One-off projects

In addition to this, our council is working to identify some one-off projects it could, with financing help, stand up quickly.

Many were already planned for the city so this is about fast-tracking. They include new sports fields across growth areas of Hamilton, work on the Rototuna Town Centre, and very specific transport-related and connectivity projects linked to the new community being developed at Peacocke. We also have some ideas about potential environmental initiatives.

I make no apology for pushing hard to get phase one of the recovery package across the line and for putting pressure on to scope up phase two. I want to thank Hamilton City councillors for unanimously supporting the programme and for considering both the economic and the social impacts on our city.

I also want to assure Hamiltonians that, despite the tight timeframes we are working to, we remain very aware of other issues that are important to people in our city. Yes, we want to prioritise projects and programmes that meet the Government's key objective of creating jobs. But projects must also provide the best opportunities for environmental, social, cultural and economic wellbeing for our people.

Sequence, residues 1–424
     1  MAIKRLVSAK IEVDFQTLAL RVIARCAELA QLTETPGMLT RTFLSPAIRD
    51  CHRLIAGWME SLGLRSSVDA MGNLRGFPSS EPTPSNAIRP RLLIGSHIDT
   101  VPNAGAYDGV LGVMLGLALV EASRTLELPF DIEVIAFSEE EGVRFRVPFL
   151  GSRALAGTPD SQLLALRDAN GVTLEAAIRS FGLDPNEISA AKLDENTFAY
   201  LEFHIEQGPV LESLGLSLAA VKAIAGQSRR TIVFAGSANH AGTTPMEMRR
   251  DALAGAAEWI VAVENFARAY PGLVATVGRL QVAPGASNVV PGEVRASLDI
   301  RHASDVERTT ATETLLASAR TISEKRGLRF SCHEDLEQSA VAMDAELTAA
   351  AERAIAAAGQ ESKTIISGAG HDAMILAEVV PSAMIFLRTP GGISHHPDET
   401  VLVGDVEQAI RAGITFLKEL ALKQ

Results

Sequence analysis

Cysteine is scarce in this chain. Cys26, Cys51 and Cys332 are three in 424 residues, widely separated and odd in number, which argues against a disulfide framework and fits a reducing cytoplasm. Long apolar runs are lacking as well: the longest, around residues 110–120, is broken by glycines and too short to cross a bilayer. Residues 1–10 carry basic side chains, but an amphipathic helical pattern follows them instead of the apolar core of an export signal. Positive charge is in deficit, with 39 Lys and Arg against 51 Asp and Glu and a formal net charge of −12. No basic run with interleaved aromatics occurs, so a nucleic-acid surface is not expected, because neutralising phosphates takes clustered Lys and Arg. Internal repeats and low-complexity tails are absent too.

You can also be confident that your elected members are absolutely united in wanting what is best for our city. Making the best decisions will take time so please bear with us as we work through all the options. We are doing absolutely everything we can to get the very best outcomes for our city, socially and economically.

Meanwhile council staff are working hard to continue bringing you essential services and to keep the city running. I want to thank staff for their efforts.

While we are all in this together, there is only one thing I ask of you. For Hamilton's sake and for the country's sake, let's simply do what is being asked of all of us.

Please – stay at home.

The longer we keep people out of work, the longer our businesses are hampered, the longer our social connections are severed, the harder it will be for our city to recover socially and economically.

Let's do this lockdown once and do it properly. For the sake of your city, your friends and your family, let's all do what's right.

Stay home.